Twitch appears to be planning new chat options for streamers in an attempt to combat the recent rise in hate raids.
Creators will soon be able to toggle what level of verification users need to chat in their streams, according to screenshots from Zach Bussey, a journalist who specializes in streamers, and streamer DraconTV (thanks, Kotaku).
These options can also be customized, allowing you to do a blanket verification for all chatters or adjust verification requirements based on account age, length of time following the streamer, or whether it’s their first time chatting on someone’s stream. Subscribers, VIPs, and moderators are all eligible for exemptions.
The potential changes follow a recent spike in hate raids, which were organized attacks aimed primarily at minority streamers. Bots inundate streamers’ chat rooms, spewing racial, sexist, and other epithets and obscenities. While chat filters can mitigate this to some extent, it’s still a relatively simple tool for bots to utilise.
The #ADayOffTwitch protest was born out of the hate raids and the platform’s initially slow response. On September 1, many creators abstained from streaming. Twitch saw a significant drop in viewership that day thanks to the combined efforts of smaller streamers and household names like HasanAbi and Kaceytron. Later, the platform filed a lawsuit against two “highly motivated” perpetrators of hate raids, CruzzControl and CreatineOverdose, who are thought to be European users.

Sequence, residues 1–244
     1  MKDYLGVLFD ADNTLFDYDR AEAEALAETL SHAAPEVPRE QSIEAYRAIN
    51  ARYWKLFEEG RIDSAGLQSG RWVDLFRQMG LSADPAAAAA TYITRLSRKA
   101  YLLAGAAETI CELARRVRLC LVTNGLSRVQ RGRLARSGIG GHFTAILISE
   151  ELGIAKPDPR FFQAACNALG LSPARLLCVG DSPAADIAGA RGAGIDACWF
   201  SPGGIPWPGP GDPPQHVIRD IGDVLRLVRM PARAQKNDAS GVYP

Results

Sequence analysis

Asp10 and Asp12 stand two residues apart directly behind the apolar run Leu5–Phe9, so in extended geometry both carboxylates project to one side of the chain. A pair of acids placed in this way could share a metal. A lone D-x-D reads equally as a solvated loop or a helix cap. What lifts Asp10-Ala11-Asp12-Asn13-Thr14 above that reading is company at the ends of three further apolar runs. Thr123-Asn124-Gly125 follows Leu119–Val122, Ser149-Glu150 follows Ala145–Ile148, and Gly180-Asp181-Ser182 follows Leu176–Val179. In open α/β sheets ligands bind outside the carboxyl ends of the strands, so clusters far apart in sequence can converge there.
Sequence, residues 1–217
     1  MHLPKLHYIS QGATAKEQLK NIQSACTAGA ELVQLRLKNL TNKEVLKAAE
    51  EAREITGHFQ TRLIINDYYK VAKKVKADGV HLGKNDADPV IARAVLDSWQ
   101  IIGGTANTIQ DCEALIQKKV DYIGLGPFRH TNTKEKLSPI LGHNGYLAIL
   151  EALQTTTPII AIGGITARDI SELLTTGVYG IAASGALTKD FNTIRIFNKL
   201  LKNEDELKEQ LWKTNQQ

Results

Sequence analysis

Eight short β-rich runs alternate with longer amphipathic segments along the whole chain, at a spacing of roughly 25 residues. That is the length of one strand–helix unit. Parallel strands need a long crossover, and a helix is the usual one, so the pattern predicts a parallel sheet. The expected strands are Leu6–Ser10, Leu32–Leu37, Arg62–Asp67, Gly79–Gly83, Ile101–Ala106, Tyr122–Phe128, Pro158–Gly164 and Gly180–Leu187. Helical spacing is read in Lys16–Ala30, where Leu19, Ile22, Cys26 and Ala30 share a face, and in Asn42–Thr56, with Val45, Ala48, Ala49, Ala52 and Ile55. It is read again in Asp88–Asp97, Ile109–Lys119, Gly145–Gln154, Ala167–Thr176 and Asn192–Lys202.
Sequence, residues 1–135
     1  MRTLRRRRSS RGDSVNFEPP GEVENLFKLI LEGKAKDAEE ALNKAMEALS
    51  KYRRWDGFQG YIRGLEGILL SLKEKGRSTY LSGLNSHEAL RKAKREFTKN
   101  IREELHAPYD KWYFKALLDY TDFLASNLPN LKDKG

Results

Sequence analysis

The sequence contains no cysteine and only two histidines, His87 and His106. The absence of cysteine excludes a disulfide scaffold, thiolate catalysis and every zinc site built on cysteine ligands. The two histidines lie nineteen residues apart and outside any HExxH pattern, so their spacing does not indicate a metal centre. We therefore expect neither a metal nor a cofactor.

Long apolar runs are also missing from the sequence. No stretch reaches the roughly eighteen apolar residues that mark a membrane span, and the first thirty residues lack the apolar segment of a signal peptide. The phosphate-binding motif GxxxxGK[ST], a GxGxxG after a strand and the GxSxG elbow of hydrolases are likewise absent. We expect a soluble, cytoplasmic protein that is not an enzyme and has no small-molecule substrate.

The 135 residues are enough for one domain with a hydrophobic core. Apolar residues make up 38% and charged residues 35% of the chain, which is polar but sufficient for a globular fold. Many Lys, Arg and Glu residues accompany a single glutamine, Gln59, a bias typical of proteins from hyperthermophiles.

During the peak of these raids, mobile verification was a popular suggestion among streamers and reports, and it came as a pleasant surprise to many that the platform is considering implementing it. Limmy described the potential changes as “very very good,” while Cohh Carnage described them as “solid options for having more control over our chats.”
However, this does not imply that the new solutions will be flawless. Phone verification can be a fine line to walk between streamer security and user privacy, and it’s a detail that some people don’t like disclosing online. Others, such as Michele Boyd, believe Twitch continues to put the onus on streamers to protect themselves from abuse.